Self-confidence - if only we could create and bottle it we would make our fortune! The reality is that many women who have taken a career break suffer from a lack of professional confidence. And it’s really not surprising - it’s natural for confidence to fade when we take a long break from an activity that formed a large part of our identity.
The good news is that your professional confidence quickly comes back after a successful return to work. However if you’re struggling with your self-confidence at the moment, take heart from the fact that neuroscience and psychology show that our actions can change our thought patterns to build self-belief. So ‘faking it until you make it’ can often lead to a real increase in confidence.
Top tips for appearing more confident than you really are
- Walk into the room positively, make eye contact and smile to help build rapport and convey confidence.
- Avoid fidgeting with pens or rings - gently closing your hands can help with this.
- If you're standing, stand up straight with your feet apart. If you're sitting, adopt a wider posture with your feet on the floor.
- Avoid crossing your arms as this can make you seem defensive.
And if your confidence needs a quick boost - here's what to do:
- Speak more slowly and deliberately.
- In interviews, don’t be afraid to take your time when answering a question.
- In a networking situation, instead of being preoccupied by what you want to get across, concentrate on listening to what the person you’re talking to is saying and show interest in them. For more tips read Are you missing the point of networking at an event?
The Power Pose
- For a quick boost of confidence before a stressful event try Amy Cuddy’s two-minute ‘Power Pose’. In her 2012 TED Talk, Cuddy asserted that adopting a dynamic physical stance can make can make us feel more confident. And we can personally attest that the Power Pose works!
For more help and advice on increasing your professional confidence, we've a range of articles on the Advice Hub on our website.
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"When you get into a tight place, and everything goes against you till it seems as if you couldn’t hold on a minute longer, never give up then, for that’s just the place and time that the tide’ll turn." Harriet Beecher Stowe
Searching for a job after an extended career break can leave you feeling overwhelmed and demotivated. We often find returners have no idea where to focus their job search. They find themselves applying randomly for jobs which becomes demotivating as nothing seems to fit or work out. Alternatively, you can get stuck in “either/or thinking” where you fix on only two options and then become demoralised and give up when neither work out.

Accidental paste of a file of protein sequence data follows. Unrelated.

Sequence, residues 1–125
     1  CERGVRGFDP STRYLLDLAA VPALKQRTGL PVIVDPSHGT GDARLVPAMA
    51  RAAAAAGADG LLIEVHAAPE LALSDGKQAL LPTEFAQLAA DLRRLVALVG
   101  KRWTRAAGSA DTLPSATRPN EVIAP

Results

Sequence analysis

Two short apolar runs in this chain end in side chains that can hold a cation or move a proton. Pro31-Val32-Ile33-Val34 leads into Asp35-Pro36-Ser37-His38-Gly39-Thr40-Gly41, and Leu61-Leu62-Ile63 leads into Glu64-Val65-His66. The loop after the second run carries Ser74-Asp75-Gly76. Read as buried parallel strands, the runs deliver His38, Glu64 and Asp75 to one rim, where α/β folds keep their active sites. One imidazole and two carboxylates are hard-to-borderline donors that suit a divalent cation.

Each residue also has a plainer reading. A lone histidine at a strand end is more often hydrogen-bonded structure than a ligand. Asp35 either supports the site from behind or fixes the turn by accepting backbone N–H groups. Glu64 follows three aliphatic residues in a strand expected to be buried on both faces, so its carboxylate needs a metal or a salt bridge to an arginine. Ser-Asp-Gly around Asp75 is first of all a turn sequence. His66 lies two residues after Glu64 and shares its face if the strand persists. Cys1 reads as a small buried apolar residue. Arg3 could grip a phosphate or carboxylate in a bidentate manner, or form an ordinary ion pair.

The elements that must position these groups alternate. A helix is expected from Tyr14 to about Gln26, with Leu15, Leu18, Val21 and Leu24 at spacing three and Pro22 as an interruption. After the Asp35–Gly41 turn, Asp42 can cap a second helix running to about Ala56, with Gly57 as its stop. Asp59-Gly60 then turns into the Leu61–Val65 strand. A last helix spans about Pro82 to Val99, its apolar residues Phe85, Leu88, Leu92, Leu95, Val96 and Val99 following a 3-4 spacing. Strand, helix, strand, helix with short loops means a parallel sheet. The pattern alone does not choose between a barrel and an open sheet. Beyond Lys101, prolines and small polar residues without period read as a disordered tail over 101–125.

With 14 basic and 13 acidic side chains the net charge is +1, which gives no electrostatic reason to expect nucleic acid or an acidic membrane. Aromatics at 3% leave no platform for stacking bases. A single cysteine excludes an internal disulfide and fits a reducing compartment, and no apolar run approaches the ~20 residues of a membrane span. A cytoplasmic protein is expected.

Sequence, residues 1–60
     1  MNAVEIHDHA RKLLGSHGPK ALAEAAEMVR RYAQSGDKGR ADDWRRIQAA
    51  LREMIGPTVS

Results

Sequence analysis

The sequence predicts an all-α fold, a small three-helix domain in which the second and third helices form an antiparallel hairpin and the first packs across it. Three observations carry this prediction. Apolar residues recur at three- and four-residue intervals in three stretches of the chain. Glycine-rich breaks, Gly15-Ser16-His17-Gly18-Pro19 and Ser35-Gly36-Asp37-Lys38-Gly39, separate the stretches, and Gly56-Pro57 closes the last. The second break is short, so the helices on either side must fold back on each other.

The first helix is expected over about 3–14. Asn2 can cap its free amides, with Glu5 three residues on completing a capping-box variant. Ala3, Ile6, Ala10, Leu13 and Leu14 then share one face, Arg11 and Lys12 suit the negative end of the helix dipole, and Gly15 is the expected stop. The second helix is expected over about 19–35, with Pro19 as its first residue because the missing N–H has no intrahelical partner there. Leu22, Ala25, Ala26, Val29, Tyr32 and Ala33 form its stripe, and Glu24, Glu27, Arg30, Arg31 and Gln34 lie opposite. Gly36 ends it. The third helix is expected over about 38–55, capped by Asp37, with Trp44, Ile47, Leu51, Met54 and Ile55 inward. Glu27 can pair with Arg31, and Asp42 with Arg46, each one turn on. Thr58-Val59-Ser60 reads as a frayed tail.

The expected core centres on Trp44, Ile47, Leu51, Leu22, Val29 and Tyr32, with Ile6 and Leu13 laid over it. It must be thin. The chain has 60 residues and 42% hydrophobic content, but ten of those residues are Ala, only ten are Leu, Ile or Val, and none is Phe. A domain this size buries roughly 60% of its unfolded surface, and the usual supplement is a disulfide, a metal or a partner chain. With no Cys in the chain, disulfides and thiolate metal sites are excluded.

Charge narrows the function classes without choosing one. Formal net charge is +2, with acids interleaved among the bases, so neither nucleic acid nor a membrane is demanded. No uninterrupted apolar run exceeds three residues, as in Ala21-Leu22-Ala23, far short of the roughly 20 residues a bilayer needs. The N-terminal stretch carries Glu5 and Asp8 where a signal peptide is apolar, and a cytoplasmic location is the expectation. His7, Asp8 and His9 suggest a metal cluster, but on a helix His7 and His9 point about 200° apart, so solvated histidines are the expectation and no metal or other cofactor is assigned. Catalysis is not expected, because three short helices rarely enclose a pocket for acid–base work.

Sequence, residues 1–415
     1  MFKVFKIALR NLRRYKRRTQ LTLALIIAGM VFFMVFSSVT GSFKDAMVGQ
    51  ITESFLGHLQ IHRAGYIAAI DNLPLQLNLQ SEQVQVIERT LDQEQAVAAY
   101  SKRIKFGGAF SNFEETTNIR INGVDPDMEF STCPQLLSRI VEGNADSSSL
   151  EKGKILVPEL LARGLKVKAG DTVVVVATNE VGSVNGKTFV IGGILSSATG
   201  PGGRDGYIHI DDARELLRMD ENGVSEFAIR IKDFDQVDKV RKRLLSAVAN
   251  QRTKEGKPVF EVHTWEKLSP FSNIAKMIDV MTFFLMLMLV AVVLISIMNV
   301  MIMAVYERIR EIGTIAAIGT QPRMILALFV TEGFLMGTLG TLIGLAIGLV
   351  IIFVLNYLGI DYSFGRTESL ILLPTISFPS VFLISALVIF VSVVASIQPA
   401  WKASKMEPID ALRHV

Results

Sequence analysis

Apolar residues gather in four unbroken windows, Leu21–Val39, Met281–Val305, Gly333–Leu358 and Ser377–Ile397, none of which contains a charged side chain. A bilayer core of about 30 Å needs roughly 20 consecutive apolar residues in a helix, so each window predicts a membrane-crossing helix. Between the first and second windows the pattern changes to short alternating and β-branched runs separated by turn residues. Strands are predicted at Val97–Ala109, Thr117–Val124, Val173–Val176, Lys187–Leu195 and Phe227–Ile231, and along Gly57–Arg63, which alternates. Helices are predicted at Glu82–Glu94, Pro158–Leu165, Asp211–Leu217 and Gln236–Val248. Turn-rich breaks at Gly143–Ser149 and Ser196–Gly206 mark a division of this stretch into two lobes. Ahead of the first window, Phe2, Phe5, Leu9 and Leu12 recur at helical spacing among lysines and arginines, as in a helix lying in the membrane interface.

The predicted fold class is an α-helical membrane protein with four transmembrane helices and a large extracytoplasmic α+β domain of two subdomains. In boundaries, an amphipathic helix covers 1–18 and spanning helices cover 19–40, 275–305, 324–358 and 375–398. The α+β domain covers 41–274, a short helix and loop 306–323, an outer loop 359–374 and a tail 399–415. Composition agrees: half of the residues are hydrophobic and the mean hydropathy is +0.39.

We all know that effective job search requires effort, energy and sustained motivation. But how to maintain motivation in the face of setbacks, disappointments and the sheer length of time needed to pursue options, is the difficult part!
At Women Returners, we recognise that a clear focus for getting back into the job market and also strategies to maintain motivation are needed.
We work with returners to help them identify a good rationale for exploring particular career options based on what they want and need in any job role. We also help you to formulate action steps which are behavioural, specific and motivating. We understand the psychological blocks that can reduce your motivation to carry out actions after the coaching has ended, even though you were committed at the time.
Here are our top tips for maintaining motivation:
For more advice on Motivation see this previous post. Make sure you have signed up to our free network for more advice, support and job opportunities.
- Imagine yourself 3 months in the future when your enthusiasm for action is dwindling. What would you like to tell your 3-months-from-now ‘self’ to keep up motivation? Alternatively write a motivational letter to yourself and ask someone to post it to you in 3 months' time.
- Remind yourself of your autonomy in choosing which action steps to follow; no one is telling you what you have to do. That notion can be empowering in itself.
- Revisit the end goal and remind yourself of its importance, especially if the action steps feel removed from what you are aiming to achieve. Consider linking the goal to your sense of identity, self worth and values.
- Identify role models who have achieved their goals through their own hard work and effort. Use the same techniques that they used.
- Remember when you succeeded in achieving your goals in the past. If you did it before you can do it again!
- Make it easy to achieve action steps by physically removing all distractions and having all the materials you need to hand and elebrate. Reward yourself with treats for periods of concentrated activity and actions accomplished.
- Find a group or a buddy going through the same experience and motivate each other. If you're in the Women Returners network, our LinkedIn group can help you to find the returners in your area. It's also a good idea to identify your return-to-work supporters.
- Break down steps into manageable chunks and make them specific and achievable. And find a way of physically marking off action steps when achieved. One technique is to physically throw away action post-it notes to symbolise completion.
- Visualise the steps you will take to achieve your goal.
- Finally just ‘get stuck in’ and commit to action and momentum will build! As Goethe said, ‘whatever you can do or dream you can, boldness has genius, power.'